Sherlock Holmes: Crimes & Punishments



    Platform tested: PlayStation 4

    This game kind of took me by surprise. It was on sale, and my wife actually pointed it out as something she would like to play. Initially I was a little sceptical, as a lot of these type of games come over as being fairly low-budget games. My wife played through the game and then warmly recommended it, so I gave it a chance. Luckily I did, because I ended up really enjoying the experience!

    C&P is divided into six cases to solve, each one taking around 1-2 hours to complete. The main part of the game is exploring various locations that are connected to the case and finding clues and evidence to use to solve it. Interviewing suspects and witnesses will allow you build a though of brain map of the whole case, choosing certain clues will then lead to a conclusion. The game has a lot of different conclusions per case, so you can easily arrest the wrong person. Replaying the cases is highly recommend to get each ending.


    There is also a lot of mini games such as studying evidence and dramatic scenes like fights and shootings. Though these dramatic scenes feel a little misplaced, they are luckily very few and short. It wouldn't be Sherlock Holmes without a little drama in a case!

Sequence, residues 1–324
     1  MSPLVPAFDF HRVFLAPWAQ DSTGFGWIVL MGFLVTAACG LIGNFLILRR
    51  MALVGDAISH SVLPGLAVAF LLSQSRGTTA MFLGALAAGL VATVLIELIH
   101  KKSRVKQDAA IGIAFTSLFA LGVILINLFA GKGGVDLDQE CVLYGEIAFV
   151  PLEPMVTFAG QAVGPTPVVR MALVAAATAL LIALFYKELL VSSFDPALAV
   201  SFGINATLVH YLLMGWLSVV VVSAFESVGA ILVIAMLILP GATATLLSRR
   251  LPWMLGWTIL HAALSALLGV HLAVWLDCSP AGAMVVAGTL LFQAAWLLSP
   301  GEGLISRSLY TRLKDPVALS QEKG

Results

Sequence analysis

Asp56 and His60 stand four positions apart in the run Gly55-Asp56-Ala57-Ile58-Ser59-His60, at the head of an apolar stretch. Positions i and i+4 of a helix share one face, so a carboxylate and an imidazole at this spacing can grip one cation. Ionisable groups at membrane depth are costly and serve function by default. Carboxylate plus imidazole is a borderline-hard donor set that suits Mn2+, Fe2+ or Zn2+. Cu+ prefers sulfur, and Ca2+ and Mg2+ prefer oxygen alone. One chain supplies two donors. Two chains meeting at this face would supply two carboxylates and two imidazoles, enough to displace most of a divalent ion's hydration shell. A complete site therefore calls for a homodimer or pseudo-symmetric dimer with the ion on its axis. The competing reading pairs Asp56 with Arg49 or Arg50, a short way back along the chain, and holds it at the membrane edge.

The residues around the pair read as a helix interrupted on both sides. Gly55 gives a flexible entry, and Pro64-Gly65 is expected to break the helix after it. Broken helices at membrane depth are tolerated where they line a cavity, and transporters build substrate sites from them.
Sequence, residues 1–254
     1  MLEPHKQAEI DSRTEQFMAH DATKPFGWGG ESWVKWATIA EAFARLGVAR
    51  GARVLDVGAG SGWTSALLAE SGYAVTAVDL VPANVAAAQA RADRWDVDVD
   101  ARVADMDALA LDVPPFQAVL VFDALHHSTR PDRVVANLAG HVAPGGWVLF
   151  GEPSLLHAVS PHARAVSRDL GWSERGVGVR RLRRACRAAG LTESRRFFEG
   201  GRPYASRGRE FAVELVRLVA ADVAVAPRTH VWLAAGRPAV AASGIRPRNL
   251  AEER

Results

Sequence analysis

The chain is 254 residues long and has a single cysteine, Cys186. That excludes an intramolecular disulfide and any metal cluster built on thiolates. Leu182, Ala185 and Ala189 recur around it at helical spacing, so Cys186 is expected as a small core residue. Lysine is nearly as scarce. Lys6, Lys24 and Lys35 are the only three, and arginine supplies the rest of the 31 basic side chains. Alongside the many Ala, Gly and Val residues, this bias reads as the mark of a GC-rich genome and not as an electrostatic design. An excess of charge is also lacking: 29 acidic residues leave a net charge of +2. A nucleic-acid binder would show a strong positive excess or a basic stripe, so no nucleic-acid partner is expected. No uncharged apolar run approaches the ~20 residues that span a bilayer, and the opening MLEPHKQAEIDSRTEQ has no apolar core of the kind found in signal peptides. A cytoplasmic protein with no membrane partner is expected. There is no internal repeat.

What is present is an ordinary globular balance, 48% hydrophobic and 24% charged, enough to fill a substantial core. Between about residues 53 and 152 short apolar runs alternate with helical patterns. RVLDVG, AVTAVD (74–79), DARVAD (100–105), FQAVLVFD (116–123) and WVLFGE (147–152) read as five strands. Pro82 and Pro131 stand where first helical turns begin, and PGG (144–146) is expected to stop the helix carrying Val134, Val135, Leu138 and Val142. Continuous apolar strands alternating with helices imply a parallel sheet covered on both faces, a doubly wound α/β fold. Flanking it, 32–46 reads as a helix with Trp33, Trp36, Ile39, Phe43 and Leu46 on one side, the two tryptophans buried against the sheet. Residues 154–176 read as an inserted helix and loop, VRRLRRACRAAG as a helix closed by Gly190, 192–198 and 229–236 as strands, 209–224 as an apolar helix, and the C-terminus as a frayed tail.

The presentation in the game is very good, while it doesn't look cutting edge graphically, it really has some great looking locations with a superb Victorian atmosphere. There's a great variety in places you visit in each case throughout. I liked that you return to certain locations in all cases, like Sherlock's home or the police station at Scotland Yard. It's cool to roam these old streets of London and the buildings from another era!

    I also found the menues to be very smartly designed, making browsing through evidence, previous dialogues and clues a breeze. Essential in a game about solving crimes. You can even look at this evidence while travelling by horse and carriage between locations, in other words while loading! The way you set up a brain map to solve the case is easy to navigate and use. At any time you can change your conclusions and the game even lets you replay the conclusion if you convicted the wrong person without replaying the entire case. In other words there aren't any of the typical annoyances like having to replay the entire game because you did one wrong decision.







    I thoroughly enjoyed my playthrough of C&P, finding it a relaxing game to just sit back in the couch and play. It doesn't really require any fast paced movement and can be played at you own pace. The story and exciting cases pulled me in and kept me interested from start to finish. The atmosphere, dialogue and unpredictable cases really help this game build it's own little world, making you feel like you are playing a Arthur Conan Doyle novel.

    I would recommend this game for those seeking a game that they can relax playing and really enjoy a murder mystery! I'm looking forward to the developers making another game in a similar fashion!

    Rating

    ★★★★★☆


      + Plus points

      • Atmospheric Victorian locations.
      • Excellent evidence and conclusion system.
      • Complex cases with unexpected outcomes.

      - Minus points

      • Fairly short.
      • May seem slow and repetitive to some.
      • Some of the mini games suck.